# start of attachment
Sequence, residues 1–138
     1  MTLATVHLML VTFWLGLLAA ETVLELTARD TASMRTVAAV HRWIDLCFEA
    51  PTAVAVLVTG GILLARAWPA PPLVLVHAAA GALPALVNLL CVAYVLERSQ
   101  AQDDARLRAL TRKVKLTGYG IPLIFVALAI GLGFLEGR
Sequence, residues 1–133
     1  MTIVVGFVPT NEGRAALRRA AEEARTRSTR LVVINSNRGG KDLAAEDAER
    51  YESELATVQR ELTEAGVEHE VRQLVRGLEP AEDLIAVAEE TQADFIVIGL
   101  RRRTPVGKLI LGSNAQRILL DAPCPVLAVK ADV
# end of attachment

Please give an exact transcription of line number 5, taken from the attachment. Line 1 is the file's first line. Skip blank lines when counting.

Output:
Sequence, residues 1–133